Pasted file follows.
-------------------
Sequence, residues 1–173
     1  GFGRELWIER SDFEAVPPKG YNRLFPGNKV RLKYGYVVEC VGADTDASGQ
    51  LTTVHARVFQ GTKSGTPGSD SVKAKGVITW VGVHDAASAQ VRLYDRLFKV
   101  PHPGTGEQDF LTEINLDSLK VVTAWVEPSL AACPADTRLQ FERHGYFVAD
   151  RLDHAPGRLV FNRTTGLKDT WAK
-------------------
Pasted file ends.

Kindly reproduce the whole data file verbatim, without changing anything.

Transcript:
Sequence, residues 1–173
     1  GFGRELWIER SDFEAVPPKG YNRLFPGNKV RLKYGYVVEC VGADTDASGQ
    51  LTTVHARVFQ GTKSGTPGSD SVKAKGVITW VGVHDAASAQ VRLYDRLFKV
   101  PHPGTGEQDF LTEINLDSLK VVTAWVEPSL AACPADTRLQ FERHGYFVAD
   151  RLDHAPGRLV FNRTTGLKDT WAK